As noted above, though steroids as a class of medications have overall made a net positive contribution to our collective well being, it seems that there is enough evidence to warrant at least a re-evaluation of the guidelines of their usage in the treatment of atopic dermatitis. In addition, non-TCS treatments should be considered, such as Traditional Chinese Medicine.

Atopic Dermatitis and Topical Steroid Withdrawal in TCM

As stated earlier, one Chinese Medicine disease name for atopic dermatitis is Si Wan Feng, which is differentiated in Chinese Medicine from the other forms of eczema, with each type having its own pattern differentiation. Similar to western medicine, TCM also recognizes the three distinct phases of atopic dermatitis: infant, childhood into adolescence, and adult.

Chinese Medicine views the etiology of atopic dermatitis as a combination of varying factors: constitutional weaknesses, possible pathogens absorbed in the womb, and pathogenic factors from the environment. Broadly speaking, constitutional insufficiency and deficiency of the Spleen and Lungs play a role (Xu, 2004). Wind, Dampness, Heat and Toxin all contribute and are always considered to be factors with AD. Since Damp Heat is always present to some degree in the eczematic body, this leads to dryness, further blood and Yin deficiency, and even Blood Stasis (Al-Khafaji, 2016). These factors all lead to varying disease patterns depending on a combination of the individual’s other constitutional tendencies, their lifestyle, environment, and even their prior treatments.

Properly identifying skin disease does more than match a name, like Wind Of The Four Crooks, to the lesions playing out on a patient's body. Matching a patient's skin lesions to the disease aligns it with a large body of knowledge that has been collected and synthesized over thousands of years. It is as if proper disease diagnosis gives the practitioner access to a dossier that provides the practitioner a multitude of observations and understanding about what the diseases tendencies are, what treatment principles work to bring it into harmony and what herbs have worked in the past to execute those treatment principles.

Aside from knowledge, another major benefit to treating atopic dermatitis with Chinese Medicine is the ability to fine tune both diagnosis and treatment according to presenting patterns and stages. Pattern differentiation allows the practitioner to further refine their diagnosis and treatment to match the presenting symptoms at the moment. Much like peeling an onion, the pattern diagnosis can be adjusted as symptoms change and improve, which leads to a change in the treatment principles and therefore, a change in the prescribed herbs. The following are some typical patterns seen in atopic dermatitis.

  • Infant phase atopic dermatitis: often attributed to the patterns of either Damp Heat or Fetal Heat, which refers to a type of Heat that is acquired from the mother during pregnancy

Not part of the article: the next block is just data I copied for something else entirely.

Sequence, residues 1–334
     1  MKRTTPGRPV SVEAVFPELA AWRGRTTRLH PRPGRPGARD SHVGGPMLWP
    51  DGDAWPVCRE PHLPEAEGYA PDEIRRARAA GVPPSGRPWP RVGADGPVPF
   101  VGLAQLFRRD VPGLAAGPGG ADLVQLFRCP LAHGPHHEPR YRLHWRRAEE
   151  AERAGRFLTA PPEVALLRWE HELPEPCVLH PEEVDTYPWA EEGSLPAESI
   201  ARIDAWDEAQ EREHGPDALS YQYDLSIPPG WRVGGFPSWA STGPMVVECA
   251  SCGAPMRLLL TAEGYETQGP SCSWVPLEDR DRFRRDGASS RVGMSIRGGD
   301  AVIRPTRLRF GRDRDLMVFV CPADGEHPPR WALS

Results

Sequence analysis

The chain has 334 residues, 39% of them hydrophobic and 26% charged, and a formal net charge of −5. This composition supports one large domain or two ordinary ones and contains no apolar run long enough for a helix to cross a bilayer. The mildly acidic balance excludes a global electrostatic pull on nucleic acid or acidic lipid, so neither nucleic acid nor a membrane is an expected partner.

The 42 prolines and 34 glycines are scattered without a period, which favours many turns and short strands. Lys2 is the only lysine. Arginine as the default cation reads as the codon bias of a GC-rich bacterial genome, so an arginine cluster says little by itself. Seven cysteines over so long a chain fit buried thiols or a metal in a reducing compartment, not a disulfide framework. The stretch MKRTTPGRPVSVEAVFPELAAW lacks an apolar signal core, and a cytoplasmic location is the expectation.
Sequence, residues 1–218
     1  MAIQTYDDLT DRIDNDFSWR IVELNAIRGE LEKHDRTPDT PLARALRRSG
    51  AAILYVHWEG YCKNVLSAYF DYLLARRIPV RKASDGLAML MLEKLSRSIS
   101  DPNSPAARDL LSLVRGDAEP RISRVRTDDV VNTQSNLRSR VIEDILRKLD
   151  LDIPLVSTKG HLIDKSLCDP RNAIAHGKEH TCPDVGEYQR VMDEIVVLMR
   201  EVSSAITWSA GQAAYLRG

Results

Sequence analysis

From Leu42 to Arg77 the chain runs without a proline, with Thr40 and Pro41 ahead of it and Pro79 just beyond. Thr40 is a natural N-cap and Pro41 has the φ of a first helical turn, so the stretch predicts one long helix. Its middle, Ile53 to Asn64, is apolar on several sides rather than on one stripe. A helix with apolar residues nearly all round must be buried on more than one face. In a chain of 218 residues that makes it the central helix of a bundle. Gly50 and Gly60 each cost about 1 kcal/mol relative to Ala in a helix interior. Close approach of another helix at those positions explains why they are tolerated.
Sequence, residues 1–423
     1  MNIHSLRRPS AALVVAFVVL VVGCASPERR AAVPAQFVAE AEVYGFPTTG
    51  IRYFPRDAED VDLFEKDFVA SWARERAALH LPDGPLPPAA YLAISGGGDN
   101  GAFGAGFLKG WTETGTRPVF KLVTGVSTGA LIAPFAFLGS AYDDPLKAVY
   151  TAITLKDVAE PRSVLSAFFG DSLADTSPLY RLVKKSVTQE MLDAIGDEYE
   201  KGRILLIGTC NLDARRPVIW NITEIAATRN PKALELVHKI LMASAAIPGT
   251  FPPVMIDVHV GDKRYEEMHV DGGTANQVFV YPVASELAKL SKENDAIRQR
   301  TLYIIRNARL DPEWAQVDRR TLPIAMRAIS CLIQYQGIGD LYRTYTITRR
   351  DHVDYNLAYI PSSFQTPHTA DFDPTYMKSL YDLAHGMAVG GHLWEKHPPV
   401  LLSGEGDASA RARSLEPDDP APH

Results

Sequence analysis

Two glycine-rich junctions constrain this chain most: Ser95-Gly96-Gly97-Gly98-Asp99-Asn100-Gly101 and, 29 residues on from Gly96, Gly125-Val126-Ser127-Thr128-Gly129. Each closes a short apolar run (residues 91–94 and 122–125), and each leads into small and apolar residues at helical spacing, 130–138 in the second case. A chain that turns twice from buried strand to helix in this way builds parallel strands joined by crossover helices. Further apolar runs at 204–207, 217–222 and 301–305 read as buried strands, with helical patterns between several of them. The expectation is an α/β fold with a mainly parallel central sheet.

• Childhood and adult phases of atopic dermatitis: common patterns include Blood Heat with Wind, Damp Heat, and Blood and Yin Deficiency with Dry Wind (Al-Khafaji, 2021)
  • Toxic Heat, Heat in the Qi, Ying, and/or Blood Level all often combine and are a common presentation in TSW

TCM treatment of atopic dermatitis centers around oral administration of daily herbal medicine, with topical herbal ointments also playing an ancillary role. It is important to note that in terms of treating infants, even though oral administration of herbs can be used and is often necessary in severe cases, herbal baths and creams can often suffice, particularly in the first few months of their lives. When my own daughter was only a few weeks old, she had a mild presentation of papules and erythema on the cheeks with mild cradle cap where the skin became red around the scales. She was treated with an herbal bath of Da huang, Huang bai, Huang qin and Ku shen, initially daily, then every other day for approximately 7 days as her symptoms improved. A Western herbal ointment with mallow root was also used. This cleared her first signs of possible atopic dermatitis which fortunately have not returned. Of course, this strategy would not be appropriate in every case. Different presentations and different constitutional patterns would warrant different herbs.

Herbal formulas are constructed based on the disease, the pattern, timing and phase of the disease, and the specifics of the individual presentation including any of the complicating factors listed above. This will be illustrated in part two of this series, entitled Topical Steroid Withdrawal and Chinese Herbal Medicine Treatment, to follow in a future article. Please also see my previous article, Purple Patch Wind, Zi Dian Feng: a Lichen Planus Case Study.

For patients seeking a Chinese Medicine dermatologist, or for practitioner training options please visit:

This article is Part 1 in a two-part article series. Part two will discuss a case study showing progressive photos over a five month treatment period along with a discussion on the TCM herbs used for treatment. Part two will be published on April 16, 2024.

About the Author

 David Heron, L.Ac.

David Heron, DACM, L.Ac. has owned and practiced at Oakland Hills Acupuncture since 2014. He holds a Doctorate in Acupuncture & Chinese Medicine from Pacific College Of Health Sciences and has been a member of the International TCM Dermatology Association since 2018. David can be reached at: